Time of HIV Diagnosis and Engagement in Prenatal Care Impact Virologic Outcomes of Pregnant Women with HIV.

Momplaisir FM, Brady KA, Fekete T, Thompson DR, Diez Roux A, Yehia BR - PLoS ONE (2015)

Receipt of ART and Viral Suppression by A) Timing of HIV Diagnosis and B) Quality of Prenatal Care. Adequacy of prenatal care was measured using the Kessner Index, a validated index of quality of prenatal care which takes into account timing of entry in prenatal care, the number of prenatal visits and gestational age at infant delivery; ART: antiretroviral; VL: viral load; dx: diagnosis.
© Copyright Policy
Related In: Results  -  Collection

License
Show All Figures
getmorefigures.php?uid=PMC4489492&req=5

pone.0132262.g001: Receipt of ART and Viral Suppression by A) Timing of HIV Diagnosis and B) Quality of Prenatal Care. Adequacy of prenatal care was measured using the Kessner Index, a validated index of quality of prenatal care which takes into account timing of entry in prenatal care, the number of prenatal visits and gestational age at infant delivery; ART: antiretroviral; VL: viral load; dx: diagnosis.
Mentions: Outcomes differed by timing of HIV diagnosis and engagement in prenatal care. Overall, 89% of mother-to-child pairs diagnosed with HIV before pregnancy received ART and 56% achieved viral suppression at delivery. In contrast, 71% of pairs diagnosed with HIV during pregnancy received ART and only 42% achieved viral suppression at delivery (Fig 1). When considering engagement in prenatal care, 95% of mother-to-child pairs with adequate care engagement received ART and 60% achieved suppression. Corresponding proportions for those intermediately and inadequately engaged in care were 93% and 56% and 53% and 32%, respectively. In multivariate logistic regression models, engagement in prenatal care, timing of HIV diagnosis, and infant birth year were significantly associated with both ART receipt and viral suppression (Table 2). Mother-to-child pairs with inadequate prenatal care were less likely to receive ART (AOR 0.06, 95% CI 0.03–0.11) and achieve viral suppression (AOR 0.31, 95% CI 0.20–0.47) compared to those with adequate prenatal care. The likelihood of ART receipt (AOR 0.39, 95% CI 0.25–0.61) and viral suppression (AOR 0.70, 95% CI 0.49–1.00) were lower among mother-to-child pairs diagnosed with HIV during compared to before pregnancy.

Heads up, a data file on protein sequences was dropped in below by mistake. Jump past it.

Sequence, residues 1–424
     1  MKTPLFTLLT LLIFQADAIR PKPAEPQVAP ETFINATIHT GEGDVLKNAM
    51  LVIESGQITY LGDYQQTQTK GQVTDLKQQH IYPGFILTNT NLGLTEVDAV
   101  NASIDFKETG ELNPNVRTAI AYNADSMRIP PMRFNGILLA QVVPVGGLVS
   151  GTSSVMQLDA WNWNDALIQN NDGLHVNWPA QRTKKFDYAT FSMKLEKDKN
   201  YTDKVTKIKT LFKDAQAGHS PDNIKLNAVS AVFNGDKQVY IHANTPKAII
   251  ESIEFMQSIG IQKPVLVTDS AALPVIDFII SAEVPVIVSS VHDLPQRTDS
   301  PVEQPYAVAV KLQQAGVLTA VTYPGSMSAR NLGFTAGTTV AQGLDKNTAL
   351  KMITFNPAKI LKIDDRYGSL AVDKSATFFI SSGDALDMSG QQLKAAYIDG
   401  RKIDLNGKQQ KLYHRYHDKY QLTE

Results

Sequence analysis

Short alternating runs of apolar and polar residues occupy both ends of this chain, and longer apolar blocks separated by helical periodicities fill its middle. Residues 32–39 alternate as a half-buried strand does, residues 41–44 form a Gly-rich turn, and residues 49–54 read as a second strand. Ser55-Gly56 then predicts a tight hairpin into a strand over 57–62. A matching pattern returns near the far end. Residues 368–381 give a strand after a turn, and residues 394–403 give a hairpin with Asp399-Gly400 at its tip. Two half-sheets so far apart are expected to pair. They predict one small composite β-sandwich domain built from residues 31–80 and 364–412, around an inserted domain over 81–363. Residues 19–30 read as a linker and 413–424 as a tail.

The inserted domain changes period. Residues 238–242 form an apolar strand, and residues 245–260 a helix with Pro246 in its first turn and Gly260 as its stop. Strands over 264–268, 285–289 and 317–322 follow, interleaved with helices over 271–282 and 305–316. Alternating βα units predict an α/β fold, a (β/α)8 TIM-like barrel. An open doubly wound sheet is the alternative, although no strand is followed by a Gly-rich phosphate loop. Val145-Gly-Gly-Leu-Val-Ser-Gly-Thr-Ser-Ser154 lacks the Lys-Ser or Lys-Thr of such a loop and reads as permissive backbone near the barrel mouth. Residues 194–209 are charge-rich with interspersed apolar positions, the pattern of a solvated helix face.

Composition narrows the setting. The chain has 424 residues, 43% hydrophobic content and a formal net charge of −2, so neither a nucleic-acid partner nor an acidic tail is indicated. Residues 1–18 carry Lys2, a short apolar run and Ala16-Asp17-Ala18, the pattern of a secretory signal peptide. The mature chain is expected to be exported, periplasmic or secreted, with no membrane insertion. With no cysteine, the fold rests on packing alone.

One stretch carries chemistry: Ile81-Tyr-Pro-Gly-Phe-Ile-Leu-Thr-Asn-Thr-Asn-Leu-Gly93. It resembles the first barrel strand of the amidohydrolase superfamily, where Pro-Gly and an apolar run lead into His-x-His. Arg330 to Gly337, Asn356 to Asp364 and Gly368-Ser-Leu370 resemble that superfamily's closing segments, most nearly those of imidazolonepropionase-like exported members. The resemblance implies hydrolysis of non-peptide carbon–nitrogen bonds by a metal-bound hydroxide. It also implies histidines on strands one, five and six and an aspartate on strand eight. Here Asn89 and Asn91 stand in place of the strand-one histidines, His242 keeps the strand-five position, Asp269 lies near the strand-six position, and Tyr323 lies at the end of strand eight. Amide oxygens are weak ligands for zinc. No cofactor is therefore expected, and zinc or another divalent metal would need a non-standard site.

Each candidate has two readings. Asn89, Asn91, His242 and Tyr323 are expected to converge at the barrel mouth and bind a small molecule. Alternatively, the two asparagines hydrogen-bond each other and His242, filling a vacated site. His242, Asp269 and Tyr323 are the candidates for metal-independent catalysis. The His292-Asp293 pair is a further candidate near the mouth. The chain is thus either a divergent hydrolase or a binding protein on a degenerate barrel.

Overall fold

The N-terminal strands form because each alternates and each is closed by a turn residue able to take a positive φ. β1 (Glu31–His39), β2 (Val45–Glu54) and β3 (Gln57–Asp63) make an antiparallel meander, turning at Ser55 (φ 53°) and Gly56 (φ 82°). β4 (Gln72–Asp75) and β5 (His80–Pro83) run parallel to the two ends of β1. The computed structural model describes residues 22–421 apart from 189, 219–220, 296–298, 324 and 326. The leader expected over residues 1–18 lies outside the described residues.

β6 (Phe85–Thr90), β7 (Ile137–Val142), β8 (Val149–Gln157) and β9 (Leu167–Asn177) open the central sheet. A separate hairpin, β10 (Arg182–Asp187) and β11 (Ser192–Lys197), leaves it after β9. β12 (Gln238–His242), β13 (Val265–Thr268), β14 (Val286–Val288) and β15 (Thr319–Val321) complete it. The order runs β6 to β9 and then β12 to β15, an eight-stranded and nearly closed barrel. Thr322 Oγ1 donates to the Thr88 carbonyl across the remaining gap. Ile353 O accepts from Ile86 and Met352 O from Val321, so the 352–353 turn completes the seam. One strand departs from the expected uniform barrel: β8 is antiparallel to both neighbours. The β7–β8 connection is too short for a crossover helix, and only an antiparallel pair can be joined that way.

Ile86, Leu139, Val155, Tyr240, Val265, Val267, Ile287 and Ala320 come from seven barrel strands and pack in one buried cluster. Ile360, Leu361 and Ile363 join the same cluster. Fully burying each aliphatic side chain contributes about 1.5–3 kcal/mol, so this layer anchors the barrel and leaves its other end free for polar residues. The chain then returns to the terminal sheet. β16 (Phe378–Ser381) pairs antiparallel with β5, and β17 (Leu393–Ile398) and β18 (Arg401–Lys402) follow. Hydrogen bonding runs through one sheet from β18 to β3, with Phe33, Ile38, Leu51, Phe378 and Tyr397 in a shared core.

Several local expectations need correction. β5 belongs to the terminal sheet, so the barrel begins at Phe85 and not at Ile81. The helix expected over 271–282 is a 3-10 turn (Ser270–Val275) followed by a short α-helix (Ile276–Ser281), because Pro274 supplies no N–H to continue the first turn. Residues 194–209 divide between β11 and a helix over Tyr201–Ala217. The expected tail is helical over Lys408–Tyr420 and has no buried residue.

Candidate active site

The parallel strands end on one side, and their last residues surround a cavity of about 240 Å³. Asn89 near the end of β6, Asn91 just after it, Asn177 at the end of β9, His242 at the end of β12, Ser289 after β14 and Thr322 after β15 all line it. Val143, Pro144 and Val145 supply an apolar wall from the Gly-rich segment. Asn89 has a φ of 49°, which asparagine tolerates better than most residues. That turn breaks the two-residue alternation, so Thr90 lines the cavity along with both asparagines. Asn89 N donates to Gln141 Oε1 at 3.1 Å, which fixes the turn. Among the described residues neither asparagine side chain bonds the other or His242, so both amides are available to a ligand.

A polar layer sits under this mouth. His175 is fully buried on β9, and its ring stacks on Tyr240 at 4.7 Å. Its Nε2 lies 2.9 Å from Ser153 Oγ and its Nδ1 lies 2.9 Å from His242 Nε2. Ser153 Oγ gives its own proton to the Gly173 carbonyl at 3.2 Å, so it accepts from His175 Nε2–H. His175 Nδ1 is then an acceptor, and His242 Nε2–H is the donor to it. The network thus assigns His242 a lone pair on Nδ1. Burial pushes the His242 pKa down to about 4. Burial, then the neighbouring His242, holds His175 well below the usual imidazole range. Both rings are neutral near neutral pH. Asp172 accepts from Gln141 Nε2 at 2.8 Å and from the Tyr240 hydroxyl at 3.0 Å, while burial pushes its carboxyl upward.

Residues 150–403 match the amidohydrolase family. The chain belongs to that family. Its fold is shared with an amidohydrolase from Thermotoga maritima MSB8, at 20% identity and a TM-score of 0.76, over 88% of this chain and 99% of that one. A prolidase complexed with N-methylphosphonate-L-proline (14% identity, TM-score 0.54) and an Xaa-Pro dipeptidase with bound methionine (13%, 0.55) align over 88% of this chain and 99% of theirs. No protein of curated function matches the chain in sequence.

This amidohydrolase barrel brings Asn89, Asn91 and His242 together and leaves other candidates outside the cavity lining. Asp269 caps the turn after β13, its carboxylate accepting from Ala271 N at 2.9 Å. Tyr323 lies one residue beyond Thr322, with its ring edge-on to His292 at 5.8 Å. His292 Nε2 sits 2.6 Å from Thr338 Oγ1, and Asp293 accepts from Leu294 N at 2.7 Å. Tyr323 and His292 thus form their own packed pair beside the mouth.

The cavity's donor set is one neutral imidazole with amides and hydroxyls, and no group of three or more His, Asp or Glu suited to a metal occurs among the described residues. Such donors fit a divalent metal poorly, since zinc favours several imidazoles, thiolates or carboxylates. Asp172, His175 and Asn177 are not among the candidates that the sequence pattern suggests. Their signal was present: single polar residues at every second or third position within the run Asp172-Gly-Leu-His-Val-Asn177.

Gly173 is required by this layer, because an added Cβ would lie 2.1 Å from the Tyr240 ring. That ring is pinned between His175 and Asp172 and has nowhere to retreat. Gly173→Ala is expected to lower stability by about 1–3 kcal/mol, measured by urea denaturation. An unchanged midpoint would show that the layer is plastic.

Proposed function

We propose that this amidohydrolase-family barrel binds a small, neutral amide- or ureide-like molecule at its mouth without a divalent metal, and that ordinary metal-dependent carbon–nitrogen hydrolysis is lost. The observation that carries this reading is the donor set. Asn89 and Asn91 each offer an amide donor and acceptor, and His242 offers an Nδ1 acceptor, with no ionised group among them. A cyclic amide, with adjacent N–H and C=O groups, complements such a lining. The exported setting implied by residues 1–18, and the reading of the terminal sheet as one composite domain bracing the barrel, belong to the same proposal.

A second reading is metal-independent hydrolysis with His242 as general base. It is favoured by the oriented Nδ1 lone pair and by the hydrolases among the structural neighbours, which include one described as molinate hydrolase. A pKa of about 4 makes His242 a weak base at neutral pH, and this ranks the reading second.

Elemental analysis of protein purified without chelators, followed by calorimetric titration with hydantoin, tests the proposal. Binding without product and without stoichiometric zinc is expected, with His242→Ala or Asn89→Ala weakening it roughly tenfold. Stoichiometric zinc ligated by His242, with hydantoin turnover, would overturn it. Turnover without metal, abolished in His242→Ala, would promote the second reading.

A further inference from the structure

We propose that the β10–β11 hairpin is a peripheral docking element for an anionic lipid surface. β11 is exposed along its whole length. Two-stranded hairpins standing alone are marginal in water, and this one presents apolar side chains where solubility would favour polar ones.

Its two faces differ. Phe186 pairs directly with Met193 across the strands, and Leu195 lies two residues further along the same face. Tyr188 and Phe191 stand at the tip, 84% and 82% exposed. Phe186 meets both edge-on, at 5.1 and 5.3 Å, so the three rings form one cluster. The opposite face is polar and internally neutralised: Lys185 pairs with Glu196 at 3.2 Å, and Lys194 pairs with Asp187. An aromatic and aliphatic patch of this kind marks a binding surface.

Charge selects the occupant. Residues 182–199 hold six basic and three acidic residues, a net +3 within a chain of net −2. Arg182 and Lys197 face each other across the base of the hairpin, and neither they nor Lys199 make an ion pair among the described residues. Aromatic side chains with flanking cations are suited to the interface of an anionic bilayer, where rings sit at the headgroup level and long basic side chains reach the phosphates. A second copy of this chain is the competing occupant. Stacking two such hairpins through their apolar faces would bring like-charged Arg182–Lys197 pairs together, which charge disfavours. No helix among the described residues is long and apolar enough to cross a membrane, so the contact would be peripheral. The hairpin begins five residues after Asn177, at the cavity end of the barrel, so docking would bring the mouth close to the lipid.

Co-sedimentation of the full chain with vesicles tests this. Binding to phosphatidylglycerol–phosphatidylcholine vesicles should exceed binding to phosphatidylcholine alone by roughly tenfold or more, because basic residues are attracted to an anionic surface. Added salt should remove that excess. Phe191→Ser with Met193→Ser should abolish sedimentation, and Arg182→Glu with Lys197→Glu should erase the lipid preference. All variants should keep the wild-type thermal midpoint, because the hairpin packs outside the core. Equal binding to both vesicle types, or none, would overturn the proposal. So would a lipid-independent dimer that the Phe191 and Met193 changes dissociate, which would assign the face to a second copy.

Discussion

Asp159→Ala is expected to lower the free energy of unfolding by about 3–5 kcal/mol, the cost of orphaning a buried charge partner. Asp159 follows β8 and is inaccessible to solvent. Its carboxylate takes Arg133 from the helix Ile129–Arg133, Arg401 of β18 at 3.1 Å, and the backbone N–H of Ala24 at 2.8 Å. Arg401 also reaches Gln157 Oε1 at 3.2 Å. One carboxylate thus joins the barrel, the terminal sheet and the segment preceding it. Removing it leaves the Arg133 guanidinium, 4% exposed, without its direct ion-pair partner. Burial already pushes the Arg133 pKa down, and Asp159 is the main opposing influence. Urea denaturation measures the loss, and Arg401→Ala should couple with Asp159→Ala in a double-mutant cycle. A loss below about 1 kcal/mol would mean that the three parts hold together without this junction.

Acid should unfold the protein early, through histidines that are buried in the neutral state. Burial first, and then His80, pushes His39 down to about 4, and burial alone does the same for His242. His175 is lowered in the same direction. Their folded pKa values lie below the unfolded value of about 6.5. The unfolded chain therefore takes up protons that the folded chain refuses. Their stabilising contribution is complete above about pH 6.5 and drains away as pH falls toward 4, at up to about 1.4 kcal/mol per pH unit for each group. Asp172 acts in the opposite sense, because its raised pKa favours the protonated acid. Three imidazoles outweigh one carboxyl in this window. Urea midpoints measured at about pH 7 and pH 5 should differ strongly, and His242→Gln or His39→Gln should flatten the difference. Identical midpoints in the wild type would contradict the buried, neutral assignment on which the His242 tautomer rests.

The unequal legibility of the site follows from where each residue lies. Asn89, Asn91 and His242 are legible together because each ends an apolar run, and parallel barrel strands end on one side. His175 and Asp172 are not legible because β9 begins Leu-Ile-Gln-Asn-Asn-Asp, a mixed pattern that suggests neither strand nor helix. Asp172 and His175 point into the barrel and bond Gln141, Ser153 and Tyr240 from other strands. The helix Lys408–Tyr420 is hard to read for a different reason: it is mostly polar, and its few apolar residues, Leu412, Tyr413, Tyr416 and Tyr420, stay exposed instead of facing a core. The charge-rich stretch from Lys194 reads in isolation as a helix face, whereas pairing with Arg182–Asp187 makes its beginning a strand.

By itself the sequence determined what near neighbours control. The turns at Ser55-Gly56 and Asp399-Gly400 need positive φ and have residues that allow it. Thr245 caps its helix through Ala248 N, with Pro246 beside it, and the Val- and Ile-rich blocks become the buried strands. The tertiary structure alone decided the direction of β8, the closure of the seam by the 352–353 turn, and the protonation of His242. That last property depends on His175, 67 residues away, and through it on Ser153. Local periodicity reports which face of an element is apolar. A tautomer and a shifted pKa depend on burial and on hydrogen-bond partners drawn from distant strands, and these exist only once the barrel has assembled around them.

Bottom Line: We performed a retrospective analysis of 836 mother-to-child pairs involving 656 HIV-infected women in Philadelphia, 2005-2013.Overall, 25% of the sample was diagnosed with HIV during pregnancy; 39%, 38%, and 23% were adequately, intermediately, and inadequately engaged in prenatal care.Targeted interventions to diagnose HIV prior to pregnancy and engage HIV-infected women in prenatal care have the potential to improve HIV related outcomes in the perinatal period.

View Article: PubMed Central - PubMed

Affiliation: Division of Infectious Diseases and HIV Medicine, Drexel University School of Medicine, Philadelphia, Pennsylvania, United States of America.

ABSTRACT

Background: HIV suppression at parturition is beneficial for maternal, fetal and public health. To eliminate mother-to-child transmission of HIV, an understanding of missed opportunities for antiretroviral therapy (ART) use during pregnancy and HIV suppression at delivery is required.

Methodology: We performed a retrospective analysis of 836 mother-to-child pairs involving 656 HIV-infected women in Philadelphia, 2005-2013. Multivariable regression examined associations between patient (age, race/ethnicity, insurance status, drug use) and clinical factors such as adequacy of prenatal care measured by the Kessner index which classifies prenatal care as inadequate, intermediate, or adequate prenatal care; timing of HIV diagnosis; and the outcomes: receipt of ART during pregnancy and viral suppression at delivery.

Results: Overall, 25% of the sample was diagnosed with HIV during pregnancy; 39%, 38%, and 23% were adequately, intermediately, and inadequately engaged in prenatal care. Eight-five percent of mother-to-child pairs received ART during pregnancy but only 52% achieved suppression at delivery. Adjusting for patient factors, pairs diagnosed with HIV during pregnancy were less likely to receive ART (AOR 0.39, 95% CI 0.25-0.61) and achieve viral suppression (AOR 0.70, 95% CI 0.49-1.00) than those diagnosed before pregnancy. Similarly, women with inadequate prenatal care were less likely to receive ART (AOR 0.06, 95% CI 0.03-0.11) and achieve viral suppression (AOR 0.31, 95% CI 0.20-0.47) than those with adequate prenatal care.

Conclusions: Targeted interventions to diagnose HIV prior to pregnancy and engage HIV-infected women in prenatal care have the potential to improve HIV related outcomes in the perinatal period.

No MeSH data available.


Related in: MedlinePlus